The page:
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2015-07-16 10.23.53My son is in eleventh grade.

OH MY!

Did I really just say that?  Could that adorable little boy who used to run around the block to watch the garbage truck every Thursday really be a junior in high school? Oh, where has the time gone?

Well at least planning a junior year in high school was easier the second time around.  I've already been through it once with my daughter who is a junior in college this year.  (Don't get me started on those tears again!) I learned from a few more years experience, more research, and yes, from the mistakes I made the first time.

So what exactly are we doing this year in our homeschool for his junior year? Thanks for asking!

In Pennsylvania, the following credits are mandatory for graduation:

  • English -  4 credits
  • Math - 3 credits
  • Science - 3 credits
  • Social Studies -3 credits
  • Arts & Humanities- 2 credits


For English, this year, I decided to focus completely on Literature and a Research Paper.  My son is on the local school district's football team and, as I learned last year, there's a lot of time in his schedule devoted to football so I determined to wait on the research paper until the Spring semester.  He'll be taking an online course - probably here. For the literature aspect, I decided to give him some more of his own leadership this year - which is not easy for me - but I'm thinking it may be beneficial.  Basically, he needs to read about  15-20 books (depending on length; some longer works may count as two books).  I have only made three specific titles mandatory this year:  All Quiet on the Western Front, All Creatures Great and Small and The Boy in the Striped Pajamas. Yep- that's it. He has to decide the rest for himself - with some guidance of course!  All the books that he chooses must be sound quality literature and NOT considered TWADDLE (he may pick ONE book that I would consider twaddle just for fun if he chooses but one is the limit!).  A minimum of 2 books that he chooses MUST be considered 'classics' by at least one reliable source as deemed by myself. He will be giving both oral and written narrations of all the books he reads (including a few that we will use as read alouds).

For Consumer Math & Finance, we are using a combination of the Abeka Consumer Math curriculum and Dave Ramsey's homeschool curriculum titled Foundations in Personal Finance as well as taking part in the monthly budget meetings held by my husband and myself.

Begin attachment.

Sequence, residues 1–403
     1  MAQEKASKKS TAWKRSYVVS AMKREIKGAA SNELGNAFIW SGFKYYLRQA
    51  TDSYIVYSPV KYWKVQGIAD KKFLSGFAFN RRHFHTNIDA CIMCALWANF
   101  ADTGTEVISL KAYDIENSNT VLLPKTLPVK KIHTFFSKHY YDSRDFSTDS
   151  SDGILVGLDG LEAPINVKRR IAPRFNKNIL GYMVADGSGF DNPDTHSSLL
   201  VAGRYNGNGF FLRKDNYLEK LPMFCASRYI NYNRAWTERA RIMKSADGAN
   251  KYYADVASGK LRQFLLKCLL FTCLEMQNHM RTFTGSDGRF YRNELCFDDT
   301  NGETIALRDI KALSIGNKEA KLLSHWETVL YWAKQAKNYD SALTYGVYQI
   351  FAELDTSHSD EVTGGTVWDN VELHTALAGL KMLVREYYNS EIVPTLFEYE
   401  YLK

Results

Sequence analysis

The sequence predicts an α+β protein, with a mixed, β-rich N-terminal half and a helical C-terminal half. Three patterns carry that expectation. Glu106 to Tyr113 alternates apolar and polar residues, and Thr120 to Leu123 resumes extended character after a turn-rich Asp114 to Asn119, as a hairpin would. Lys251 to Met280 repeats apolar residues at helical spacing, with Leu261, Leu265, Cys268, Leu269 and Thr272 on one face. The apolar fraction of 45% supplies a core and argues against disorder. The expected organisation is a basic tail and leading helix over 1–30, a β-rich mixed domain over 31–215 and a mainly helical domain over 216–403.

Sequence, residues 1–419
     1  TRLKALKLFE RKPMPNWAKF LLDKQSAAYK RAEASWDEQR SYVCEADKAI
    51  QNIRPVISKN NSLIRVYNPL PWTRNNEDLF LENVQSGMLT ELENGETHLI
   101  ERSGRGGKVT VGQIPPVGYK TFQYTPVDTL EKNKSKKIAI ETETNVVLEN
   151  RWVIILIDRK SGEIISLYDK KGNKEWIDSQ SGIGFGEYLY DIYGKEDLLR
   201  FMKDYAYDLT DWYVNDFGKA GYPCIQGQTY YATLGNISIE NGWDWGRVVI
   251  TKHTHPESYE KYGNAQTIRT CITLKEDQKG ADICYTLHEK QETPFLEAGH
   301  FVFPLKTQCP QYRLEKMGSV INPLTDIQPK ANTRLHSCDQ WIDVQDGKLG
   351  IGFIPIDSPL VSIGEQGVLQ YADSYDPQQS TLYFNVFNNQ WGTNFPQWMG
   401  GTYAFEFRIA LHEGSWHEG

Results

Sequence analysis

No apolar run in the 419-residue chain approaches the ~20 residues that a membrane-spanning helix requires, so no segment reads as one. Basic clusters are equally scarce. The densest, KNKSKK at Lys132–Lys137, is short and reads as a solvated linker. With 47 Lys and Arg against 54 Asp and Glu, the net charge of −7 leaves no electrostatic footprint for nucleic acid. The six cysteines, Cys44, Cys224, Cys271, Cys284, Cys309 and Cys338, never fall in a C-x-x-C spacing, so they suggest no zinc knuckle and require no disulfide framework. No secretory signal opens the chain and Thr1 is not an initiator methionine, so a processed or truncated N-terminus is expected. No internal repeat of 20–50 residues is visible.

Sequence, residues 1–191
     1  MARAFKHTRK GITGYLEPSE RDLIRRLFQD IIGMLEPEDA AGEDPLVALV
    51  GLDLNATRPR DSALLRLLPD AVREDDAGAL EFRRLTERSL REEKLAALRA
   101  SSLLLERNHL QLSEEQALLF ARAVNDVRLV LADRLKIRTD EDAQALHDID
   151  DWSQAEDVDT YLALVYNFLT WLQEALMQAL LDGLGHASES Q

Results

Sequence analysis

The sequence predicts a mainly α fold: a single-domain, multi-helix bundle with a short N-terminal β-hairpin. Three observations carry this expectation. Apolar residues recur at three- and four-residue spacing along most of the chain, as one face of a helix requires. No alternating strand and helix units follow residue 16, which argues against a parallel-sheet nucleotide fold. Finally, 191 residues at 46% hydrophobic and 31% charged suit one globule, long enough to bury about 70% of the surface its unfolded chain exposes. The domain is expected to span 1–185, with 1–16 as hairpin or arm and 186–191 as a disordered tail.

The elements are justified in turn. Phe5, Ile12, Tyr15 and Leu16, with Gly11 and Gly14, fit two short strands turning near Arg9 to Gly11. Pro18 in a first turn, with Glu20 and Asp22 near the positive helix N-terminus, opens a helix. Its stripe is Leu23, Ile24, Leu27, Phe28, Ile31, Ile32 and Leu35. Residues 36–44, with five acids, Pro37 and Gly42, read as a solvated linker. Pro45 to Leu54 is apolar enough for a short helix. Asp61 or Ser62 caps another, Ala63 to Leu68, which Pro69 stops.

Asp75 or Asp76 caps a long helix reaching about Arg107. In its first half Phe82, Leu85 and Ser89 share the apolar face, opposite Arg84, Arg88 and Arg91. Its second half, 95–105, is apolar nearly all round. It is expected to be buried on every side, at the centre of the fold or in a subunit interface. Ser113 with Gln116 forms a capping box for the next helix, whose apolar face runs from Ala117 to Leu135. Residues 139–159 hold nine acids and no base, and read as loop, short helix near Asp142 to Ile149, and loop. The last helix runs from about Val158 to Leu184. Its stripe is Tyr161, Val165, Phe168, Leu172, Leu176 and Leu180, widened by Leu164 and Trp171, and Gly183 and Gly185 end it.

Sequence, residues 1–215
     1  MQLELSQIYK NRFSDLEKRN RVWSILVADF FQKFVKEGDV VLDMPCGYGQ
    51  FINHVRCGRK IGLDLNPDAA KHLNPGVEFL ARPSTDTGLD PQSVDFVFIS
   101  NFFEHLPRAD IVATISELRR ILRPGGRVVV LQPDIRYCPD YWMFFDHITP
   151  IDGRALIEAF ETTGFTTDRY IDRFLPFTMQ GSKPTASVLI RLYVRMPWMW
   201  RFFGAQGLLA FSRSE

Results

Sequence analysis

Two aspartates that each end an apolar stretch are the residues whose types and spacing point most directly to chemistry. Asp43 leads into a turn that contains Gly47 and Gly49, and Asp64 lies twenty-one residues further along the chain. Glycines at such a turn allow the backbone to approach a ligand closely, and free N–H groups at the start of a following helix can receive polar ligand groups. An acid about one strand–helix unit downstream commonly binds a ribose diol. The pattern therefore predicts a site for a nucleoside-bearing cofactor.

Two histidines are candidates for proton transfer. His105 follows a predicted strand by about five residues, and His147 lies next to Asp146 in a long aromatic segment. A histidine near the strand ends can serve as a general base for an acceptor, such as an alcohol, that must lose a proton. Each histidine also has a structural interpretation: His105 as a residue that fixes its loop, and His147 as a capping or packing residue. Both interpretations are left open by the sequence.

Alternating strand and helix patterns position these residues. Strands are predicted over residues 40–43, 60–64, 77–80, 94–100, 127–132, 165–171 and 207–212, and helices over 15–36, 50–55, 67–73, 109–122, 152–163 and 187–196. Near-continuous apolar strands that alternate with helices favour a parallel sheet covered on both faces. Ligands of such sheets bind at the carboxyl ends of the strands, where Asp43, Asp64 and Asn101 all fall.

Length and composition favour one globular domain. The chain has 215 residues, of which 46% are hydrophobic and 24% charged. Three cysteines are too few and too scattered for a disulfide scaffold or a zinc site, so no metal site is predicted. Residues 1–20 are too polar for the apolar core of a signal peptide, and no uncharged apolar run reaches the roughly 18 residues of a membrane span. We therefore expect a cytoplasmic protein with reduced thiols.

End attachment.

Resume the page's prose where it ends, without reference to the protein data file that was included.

Science this year will be an Anatomy & Physiology class taken with the local homeschool group. I wasn't thrilled about taking part of this since it would take up our Tuesday afternoons and affects my ability to get my youngest son to swimming lessons but as my older son thinks a science major may be in his future, I felt it important enough to find a class with a teacher that knows more about this subject than me!

One credit will also be given for Home Economics.  I have devised the course myself and have a set number of mandatory hours (120+ total) in a variety of subcategories including cooking, home maintenance, automotive, nutrition, sewing and laundry.  Most of the requirements is hands on participation but some will involve reading articles and other reference materials.  I love the fact that we have recently found a new handyman that would be a great resource to use to teach my son a few things that my husband and are not capable of teaching. I just hope that eventually my son will be here when the handyman is! So far the football season has interfered with that quite a bit!

He will also have two half credit courses this year.  One such course is Economics.  He will be using the well known source Whatever Happened to Penny Candy as well as the Bluestocking Guide Economics and The Money Mystery to complete the course.  All of these books are pictured above with Amazon links!

The other half credit course that I created for my son is Introduction to Christianity.  He will be using the book Orthodoxy and Heterodoxy by Fr. Andrew Stephen Damick as well as The Orthodox Way by Bishop Kallistos Ware (Bishop Wares book has actually been used in college Introduction to Christianity classes).  We will be using a Charlotte Mason approach with this class in that he will be giving both oral and written narrations for these book selections in addition to related articles that we find through the year.

Finally, my son will be taking a Study Skills course which I have assigned a full credit as he is using several sources to complete the course and give him a firm foundation in skills essential to success in his college career.  For this course, I have selected College Study: The essential ingredients by Sally A. Lipsky, a professor at Indiana University of Pennsylvania as well as the other text used by the same university, How to Study in College by Pauk and Owens.  He will also be watching a very old video course that my husband thrived on, Where There's a Will, There's an A.

So there it is!  The plan for the eleventh grade year.  I think it will work well.  But only time will tell!  I’ll keep you posted in other posts this year as well as my monthly updates!

 

 

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Homeschooling is flexible in many ways but there are requirements that must be fulfilled.  Graduation requirements, of course, are important to understand and follow - but also allow for flexibility.